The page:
Black and Asian sixth-formers are far more likely to go to uni than their white peers
They also get more places at better unis
Non-white school leavers have better chances than their white peers of going to uni, say government figures.
A massive 64 per cent of Asian and 62 per cent of black sixth-formers who go through state schools then go on to uni — compared to just 45 per cent of whites.
Genius Asians are also the most likely to study at high-flying unis as 12 per cent of them go to a Russell Group, as do 11 per cent of white and six per cent of black students.
These stats were pulled up by ex-chairman for the Commission for Racial Equality Trevor Phillips to highlight tensions about diversity and multiculturalism in Britain.
The 2012-’13 data also shows the percentage of state schoolers who went on to uni dropped from 53 per cent to 48 per cent in the first year after tuition fees rocketed to £9000.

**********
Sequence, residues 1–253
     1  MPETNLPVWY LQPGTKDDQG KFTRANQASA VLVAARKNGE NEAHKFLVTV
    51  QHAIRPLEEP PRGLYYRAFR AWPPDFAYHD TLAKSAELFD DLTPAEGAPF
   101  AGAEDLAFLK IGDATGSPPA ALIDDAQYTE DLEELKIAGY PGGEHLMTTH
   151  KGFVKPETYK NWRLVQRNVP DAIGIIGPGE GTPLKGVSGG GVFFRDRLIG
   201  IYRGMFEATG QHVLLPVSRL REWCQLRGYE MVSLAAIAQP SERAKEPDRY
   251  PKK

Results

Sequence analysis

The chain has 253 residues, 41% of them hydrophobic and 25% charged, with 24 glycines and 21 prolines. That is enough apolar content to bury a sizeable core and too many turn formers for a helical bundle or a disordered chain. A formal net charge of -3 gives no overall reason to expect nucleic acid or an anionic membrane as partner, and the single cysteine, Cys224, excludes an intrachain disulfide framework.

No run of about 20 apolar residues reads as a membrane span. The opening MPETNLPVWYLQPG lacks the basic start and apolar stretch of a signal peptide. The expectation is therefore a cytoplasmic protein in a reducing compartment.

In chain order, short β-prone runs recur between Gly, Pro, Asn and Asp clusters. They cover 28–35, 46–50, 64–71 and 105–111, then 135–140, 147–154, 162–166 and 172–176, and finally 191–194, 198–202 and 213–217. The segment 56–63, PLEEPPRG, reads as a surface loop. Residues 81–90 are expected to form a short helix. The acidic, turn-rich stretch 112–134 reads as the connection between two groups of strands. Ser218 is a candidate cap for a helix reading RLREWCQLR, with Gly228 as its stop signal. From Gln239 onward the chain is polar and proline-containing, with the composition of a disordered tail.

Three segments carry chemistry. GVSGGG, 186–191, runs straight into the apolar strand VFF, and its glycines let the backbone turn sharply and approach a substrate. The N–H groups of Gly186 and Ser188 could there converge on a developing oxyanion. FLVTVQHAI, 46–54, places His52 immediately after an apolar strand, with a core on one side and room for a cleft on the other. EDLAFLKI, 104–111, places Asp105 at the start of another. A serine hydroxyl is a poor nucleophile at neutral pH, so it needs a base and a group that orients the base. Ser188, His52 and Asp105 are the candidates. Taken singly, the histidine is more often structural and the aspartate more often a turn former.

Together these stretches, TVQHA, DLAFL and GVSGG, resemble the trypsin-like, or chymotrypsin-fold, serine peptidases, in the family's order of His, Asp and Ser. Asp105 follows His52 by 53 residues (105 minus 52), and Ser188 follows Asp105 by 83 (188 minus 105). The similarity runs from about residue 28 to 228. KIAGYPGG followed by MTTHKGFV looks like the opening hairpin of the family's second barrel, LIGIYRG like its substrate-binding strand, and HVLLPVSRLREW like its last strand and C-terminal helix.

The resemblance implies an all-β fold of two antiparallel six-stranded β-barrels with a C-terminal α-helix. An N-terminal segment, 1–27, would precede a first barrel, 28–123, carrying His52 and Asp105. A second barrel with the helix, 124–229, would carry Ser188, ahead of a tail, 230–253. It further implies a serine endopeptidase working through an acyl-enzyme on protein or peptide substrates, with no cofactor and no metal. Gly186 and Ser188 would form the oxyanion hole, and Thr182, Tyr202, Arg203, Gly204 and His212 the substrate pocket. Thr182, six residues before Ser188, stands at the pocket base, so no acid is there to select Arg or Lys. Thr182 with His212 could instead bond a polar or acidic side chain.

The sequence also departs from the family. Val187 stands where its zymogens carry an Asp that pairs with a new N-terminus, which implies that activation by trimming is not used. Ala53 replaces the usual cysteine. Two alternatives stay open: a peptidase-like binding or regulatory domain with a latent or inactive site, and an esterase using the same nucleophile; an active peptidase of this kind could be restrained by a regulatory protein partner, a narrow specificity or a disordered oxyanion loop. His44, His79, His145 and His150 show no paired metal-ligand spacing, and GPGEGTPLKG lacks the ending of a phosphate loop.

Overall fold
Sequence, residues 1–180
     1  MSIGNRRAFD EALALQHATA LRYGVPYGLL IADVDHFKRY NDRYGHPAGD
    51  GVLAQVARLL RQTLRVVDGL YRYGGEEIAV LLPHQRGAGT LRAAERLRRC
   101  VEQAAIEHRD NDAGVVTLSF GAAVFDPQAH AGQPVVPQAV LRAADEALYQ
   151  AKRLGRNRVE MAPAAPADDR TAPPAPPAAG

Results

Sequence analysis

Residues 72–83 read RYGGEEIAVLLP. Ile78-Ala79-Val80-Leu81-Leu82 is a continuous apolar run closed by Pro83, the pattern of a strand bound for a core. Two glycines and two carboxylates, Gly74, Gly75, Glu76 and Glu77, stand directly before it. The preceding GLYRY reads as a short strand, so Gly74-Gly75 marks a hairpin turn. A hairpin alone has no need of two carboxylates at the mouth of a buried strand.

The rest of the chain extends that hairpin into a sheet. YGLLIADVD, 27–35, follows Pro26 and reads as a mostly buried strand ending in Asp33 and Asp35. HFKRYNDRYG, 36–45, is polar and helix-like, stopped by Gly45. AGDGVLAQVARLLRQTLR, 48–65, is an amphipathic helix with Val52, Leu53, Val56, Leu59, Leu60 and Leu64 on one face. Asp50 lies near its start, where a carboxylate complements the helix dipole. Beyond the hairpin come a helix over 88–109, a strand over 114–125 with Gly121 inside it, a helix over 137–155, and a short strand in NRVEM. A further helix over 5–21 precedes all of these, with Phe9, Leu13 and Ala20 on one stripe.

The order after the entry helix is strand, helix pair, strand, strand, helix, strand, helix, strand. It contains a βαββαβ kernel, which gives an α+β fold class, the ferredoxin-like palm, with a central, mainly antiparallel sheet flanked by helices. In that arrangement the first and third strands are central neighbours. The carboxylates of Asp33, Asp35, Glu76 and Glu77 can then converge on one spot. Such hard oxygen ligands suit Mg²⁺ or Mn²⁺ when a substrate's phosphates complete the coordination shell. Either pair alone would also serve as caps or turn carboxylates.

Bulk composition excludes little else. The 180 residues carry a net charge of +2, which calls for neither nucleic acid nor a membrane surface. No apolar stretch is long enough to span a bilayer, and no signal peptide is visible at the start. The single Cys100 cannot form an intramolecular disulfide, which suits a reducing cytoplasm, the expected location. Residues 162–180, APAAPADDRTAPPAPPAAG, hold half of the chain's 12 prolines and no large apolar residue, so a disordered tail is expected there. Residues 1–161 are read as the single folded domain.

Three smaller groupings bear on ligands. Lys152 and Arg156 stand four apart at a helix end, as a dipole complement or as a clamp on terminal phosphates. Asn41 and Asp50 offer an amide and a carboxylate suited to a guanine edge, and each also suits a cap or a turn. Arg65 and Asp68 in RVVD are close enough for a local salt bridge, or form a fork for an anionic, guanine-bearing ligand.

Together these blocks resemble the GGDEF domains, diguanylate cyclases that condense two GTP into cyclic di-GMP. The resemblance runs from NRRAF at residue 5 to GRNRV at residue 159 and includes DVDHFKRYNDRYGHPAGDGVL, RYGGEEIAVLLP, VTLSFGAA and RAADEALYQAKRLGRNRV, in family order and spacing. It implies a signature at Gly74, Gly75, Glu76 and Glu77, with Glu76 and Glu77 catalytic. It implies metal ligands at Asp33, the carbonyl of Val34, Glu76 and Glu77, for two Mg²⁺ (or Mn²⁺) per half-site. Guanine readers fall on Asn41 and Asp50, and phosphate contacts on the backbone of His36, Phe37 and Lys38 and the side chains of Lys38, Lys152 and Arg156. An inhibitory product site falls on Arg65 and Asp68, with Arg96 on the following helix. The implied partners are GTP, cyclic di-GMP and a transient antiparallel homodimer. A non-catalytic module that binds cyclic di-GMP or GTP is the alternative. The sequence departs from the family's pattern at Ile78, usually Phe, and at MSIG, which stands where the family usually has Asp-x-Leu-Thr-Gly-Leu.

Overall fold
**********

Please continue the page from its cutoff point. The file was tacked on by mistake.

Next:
But 60 per cent of private schoolkids still became students — and 46 per cent of them started at unis ranked in the top third.
Schools Minister David Laws argued the info was “hugely satisfying”.
The Lib Dem said: “Today’s data show many examples of schools – including those in the most deprived parts of the country – which are ensuring their pupils are moving on to meaningful destinations.
“The figures are hugely satisfying, with thousands more pupils going on to further education, training or employment – showing the significant progress this coalition government has made in building a fairer society.
“At the same time there are some schools which could be doing more to make sure all their pupils can get on in life, and today’s data will be extremely valuable in helping hold those school leaders to account.”